Starting on September 27, Journey with Us through the Book of Acts

The first time someone stepped into the arena to preach Jesus, he wanted all to understand—this Word of Christ is for everyone!  Such a day, which some christen as the birthday of the Church.  The wind of the Spirit swept down upon Jesus’ disciples.  Atop each person’s head, flames like fire flickered and danced.  Astonished, all 120 Christians hurried outside and began to converse in languages unknown.  Despite unlearned phrases and foreign syntax, they articulated in actual, understandable speech.

Several weeks earlier, their lead Apostle, Peter, feared for his life.  To evade arrest, he lied, cursed, and denounced Jesus, his northern, hill-country accent betraying him.  On this day, however, dialects and inflection didn’t matter.  With time-creased men and fresh-faced daughters, Peter also spoke anew, to him in tongues before untried.

Now unafraid, he stands and speaks, explaining to his countrymen the developments of the day.  From deeds God achieved for him, he now proceeds to proclaim before all.  The life Jesus gained for the world will now go forth through others, like Peter, like the flower of spring after a long, dark winter.

Some 30 years earlier, God’s Son, Jesus, entered our world, to do the work His Father sent Him to do.  Not as some spirit but in human flesh, He came.  After securing our salvation by His death, Jesus rose and ascended back into heaven.  The four Gospels all finish this way.  The Apostles are in Judea, waiting for the Holy Spirit to appear, with Christianity only existing as a Jewish messianic movement.

Suppose you leap ahead and start reading the Epistles.  Soon, you realize they are words to Gentile-filled congregations strewn throughout the Mediterranean basin.  Somehow, our Savior’s Church spread from a subset of Jewish people into a widespread geographical movement.  How?  The only account we can access for this transformation is in Acts.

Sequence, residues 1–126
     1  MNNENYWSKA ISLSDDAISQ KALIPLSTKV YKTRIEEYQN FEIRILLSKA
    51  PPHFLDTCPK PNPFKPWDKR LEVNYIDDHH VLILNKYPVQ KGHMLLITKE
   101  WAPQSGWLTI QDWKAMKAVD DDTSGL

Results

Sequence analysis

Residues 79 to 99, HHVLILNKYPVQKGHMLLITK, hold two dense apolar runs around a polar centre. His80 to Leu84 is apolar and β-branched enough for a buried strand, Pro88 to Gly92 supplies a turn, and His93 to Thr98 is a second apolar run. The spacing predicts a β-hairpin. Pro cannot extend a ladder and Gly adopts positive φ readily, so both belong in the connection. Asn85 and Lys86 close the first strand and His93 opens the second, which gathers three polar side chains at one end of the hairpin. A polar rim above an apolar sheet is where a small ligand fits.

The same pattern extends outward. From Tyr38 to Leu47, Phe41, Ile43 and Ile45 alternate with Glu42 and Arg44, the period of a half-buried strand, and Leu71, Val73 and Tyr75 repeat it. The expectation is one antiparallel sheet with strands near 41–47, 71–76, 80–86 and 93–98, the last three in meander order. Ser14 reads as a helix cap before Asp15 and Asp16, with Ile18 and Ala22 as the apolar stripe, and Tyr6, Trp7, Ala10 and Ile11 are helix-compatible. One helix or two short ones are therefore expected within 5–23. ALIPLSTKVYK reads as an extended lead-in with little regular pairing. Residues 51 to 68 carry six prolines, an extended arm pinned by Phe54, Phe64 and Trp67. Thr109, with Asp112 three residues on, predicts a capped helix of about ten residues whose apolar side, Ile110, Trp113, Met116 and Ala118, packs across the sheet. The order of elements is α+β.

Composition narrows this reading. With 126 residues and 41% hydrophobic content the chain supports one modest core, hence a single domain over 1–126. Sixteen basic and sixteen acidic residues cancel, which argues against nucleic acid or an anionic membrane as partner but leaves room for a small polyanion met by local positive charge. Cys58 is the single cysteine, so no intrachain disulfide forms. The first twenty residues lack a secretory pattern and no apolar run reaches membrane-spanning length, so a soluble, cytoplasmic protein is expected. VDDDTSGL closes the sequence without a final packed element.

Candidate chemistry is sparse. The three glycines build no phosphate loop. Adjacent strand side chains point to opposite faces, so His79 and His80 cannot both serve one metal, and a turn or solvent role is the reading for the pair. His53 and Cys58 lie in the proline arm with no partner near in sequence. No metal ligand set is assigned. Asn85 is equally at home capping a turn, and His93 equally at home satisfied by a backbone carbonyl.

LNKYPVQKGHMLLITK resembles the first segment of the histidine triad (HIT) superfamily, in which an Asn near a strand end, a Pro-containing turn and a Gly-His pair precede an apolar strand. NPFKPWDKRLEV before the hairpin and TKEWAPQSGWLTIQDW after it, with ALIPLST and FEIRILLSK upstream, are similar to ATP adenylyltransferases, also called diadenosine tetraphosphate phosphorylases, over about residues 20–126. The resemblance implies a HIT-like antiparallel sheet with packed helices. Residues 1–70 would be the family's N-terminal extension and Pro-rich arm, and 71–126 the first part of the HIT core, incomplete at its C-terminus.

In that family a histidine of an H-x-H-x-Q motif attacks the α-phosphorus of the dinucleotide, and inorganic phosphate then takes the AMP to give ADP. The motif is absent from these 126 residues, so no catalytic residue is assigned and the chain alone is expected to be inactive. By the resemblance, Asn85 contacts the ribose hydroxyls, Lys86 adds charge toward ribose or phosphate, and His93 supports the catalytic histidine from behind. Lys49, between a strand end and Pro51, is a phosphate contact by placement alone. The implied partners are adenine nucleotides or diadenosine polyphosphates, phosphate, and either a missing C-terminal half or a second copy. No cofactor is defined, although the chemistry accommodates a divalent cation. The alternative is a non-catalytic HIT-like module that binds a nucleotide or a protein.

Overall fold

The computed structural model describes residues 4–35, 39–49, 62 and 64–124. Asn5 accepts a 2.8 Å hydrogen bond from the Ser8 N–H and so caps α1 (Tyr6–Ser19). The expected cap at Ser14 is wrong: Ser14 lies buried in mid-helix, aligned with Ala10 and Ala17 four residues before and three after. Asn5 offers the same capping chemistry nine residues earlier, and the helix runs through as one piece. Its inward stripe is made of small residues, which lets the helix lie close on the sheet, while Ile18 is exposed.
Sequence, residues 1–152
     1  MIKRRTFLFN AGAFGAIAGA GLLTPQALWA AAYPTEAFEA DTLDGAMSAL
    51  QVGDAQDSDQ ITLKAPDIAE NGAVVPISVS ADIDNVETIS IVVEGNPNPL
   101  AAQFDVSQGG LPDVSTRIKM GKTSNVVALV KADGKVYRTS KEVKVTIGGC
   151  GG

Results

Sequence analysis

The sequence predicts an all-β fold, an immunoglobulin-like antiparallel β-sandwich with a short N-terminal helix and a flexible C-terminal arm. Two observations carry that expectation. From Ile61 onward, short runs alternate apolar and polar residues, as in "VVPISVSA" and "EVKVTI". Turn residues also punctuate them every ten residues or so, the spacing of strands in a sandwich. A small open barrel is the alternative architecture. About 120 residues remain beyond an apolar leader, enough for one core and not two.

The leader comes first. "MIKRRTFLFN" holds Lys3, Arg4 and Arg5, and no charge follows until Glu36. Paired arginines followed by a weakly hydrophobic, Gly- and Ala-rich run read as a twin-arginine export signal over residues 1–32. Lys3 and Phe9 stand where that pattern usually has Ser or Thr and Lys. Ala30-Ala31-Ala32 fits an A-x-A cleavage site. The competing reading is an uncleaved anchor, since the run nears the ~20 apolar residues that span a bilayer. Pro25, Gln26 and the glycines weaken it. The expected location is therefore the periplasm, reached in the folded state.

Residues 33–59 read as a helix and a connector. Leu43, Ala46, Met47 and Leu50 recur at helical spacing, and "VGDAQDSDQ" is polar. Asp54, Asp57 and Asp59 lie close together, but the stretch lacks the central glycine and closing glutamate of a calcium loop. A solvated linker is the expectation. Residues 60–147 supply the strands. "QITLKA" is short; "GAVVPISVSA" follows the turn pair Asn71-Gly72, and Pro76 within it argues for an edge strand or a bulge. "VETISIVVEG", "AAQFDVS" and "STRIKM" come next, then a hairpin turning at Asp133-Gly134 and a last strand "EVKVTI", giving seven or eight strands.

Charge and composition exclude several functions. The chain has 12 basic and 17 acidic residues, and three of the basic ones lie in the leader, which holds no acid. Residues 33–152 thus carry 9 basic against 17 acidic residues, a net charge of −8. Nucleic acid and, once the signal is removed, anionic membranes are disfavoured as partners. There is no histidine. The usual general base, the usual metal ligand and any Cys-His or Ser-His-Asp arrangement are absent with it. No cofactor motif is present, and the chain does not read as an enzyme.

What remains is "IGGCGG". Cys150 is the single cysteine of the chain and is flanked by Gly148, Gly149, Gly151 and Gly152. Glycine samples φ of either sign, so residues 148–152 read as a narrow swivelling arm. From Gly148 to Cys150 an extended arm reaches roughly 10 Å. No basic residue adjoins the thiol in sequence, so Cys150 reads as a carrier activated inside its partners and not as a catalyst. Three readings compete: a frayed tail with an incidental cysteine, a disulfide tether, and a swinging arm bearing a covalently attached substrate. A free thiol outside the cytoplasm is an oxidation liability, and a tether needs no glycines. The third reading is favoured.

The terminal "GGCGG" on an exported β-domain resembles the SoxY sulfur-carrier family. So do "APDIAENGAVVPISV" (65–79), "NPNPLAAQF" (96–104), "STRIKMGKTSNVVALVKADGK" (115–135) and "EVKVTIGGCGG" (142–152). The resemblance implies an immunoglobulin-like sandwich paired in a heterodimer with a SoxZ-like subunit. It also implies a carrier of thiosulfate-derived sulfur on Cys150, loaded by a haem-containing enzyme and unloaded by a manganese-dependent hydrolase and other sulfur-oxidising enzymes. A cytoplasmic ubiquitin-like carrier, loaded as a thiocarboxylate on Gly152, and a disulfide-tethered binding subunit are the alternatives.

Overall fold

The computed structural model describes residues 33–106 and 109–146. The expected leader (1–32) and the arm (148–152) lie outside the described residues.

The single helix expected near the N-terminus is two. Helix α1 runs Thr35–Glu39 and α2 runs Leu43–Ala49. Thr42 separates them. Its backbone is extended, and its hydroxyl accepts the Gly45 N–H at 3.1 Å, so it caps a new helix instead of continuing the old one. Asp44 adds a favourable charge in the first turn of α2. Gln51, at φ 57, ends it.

Written as a sequel to Luke’s Gospel, by the same author, Acts continues its Gospel story.  By recounting how Jesus’ followers carried His mission forward, Luke provides the only narrative link between Jesus’ ascension to the spread of His Church beyond its Jewish beginnings.  So, this text from Luke’s hand is a priceless, one-of-a-kind treasure, something to cherish and learn!

Without Luke examining these events and reporting them, we would be much the poorer.  Though a historical document, Acts is not empty of theology.  So, to bereave ourselves of his words is to leave ourselves groping, unsure of how to live, worship, and share the Gospel with others.  The open-ended conclusion of Acts also hints of God still being present with His people as they await the fulfillment of all things on the Last Day.

Until the Day of Christ’s return, we will do well to travel the pages of this book.  More than mere facts, Luke’s Holy-Spirit inspired text helps us, today, to prosper as God’s people in an ever-increasing hostile world.  Come join us in Sunday School to grasp its 1st-century message for your 21st-century life.